Degree Type


Date of Award


Degree Name

Doctor of Philosophy



First Advisor

Douglas L. Epperson


This study explored the extent to which advising experiences with faculty, classroom social environment, relational-interdependent self-construal, and math and science self-efficacy, both individually and in combination, contribute to the prediction of persistence in the physical sciences, mathematics, and engineering (PSME). Based on the self-in-relation model of identity development and social-cognitive theories, it was hypothesized that: (1) women would prefer a more developmental style of advising than men; (2) a developmental style of advising, advising contact with faculty, and professorial concern would each contribute to the prediction of persistence in PSME majors; and (3) the relationships between: (a) advising experiences and professorial concern, and (b) math and science self-efficacy and persistence in PSME majors would be stronger for women than for men. One hundred sixty-eight third, fourth, and fifth-year undergraduate students (representing a 22% response rate) were surveyed by mail to explore the above relationships.;No difference in preferred style of advising was found between female and male students. In general, findings from linear and logistic regression procedures failed to support a significant link between advising experiences with professors in PSME majors and math and science self-efficacy and persistence in those majors. Results did offer support, however, for the importance of some relationship factors for persistence in these majors, and suggest that different factors may contribute to the prediction of persistence in these disciplines for women versus men. Findings suggest that, beyond the contribution of ability, a critical factor in women's persistence in PSME majors may be their perceptions of classroom affiliation in their courses, while a critical factor for men may be the level of support or encouragement they receive from role models to pursue their major. Suggested interventions for increasing rates of persistence in PSME disciplines include increasing students' level of career aspirations for these fields, increasing perceived classroom affiliation amongst students in these majors, and facilitating encouragement from role models to pursue degrees in these disciplines.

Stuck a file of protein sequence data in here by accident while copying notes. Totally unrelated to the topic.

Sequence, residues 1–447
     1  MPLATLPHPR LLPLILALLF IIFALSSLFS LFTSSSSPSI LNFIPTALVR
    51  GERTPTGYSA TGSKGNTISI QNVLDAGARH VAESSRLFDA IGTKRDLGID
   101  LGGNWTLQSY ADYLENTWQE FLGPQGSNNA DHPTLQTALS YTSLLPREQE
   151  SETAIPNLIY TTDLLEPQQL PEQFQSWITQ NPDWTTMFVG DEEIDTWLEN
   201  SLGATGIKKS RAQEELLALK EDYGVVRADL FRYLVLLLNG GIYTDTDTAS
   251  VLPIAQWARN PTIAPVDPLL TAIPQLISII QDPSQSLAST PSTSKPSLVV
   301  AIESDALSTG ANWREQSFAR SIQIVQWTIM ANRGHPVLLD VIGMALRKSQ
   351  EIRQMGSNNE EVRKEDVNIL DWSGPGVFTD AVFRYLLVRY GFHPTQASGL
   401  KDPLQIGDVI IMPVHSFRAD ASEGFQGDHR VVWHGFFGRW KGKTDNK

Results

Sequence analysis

Digital Repository @ Iowa State University,

Copyright Owner

Jennifer Ann Dooley



Proquest ID


File Format


File Size

125 pages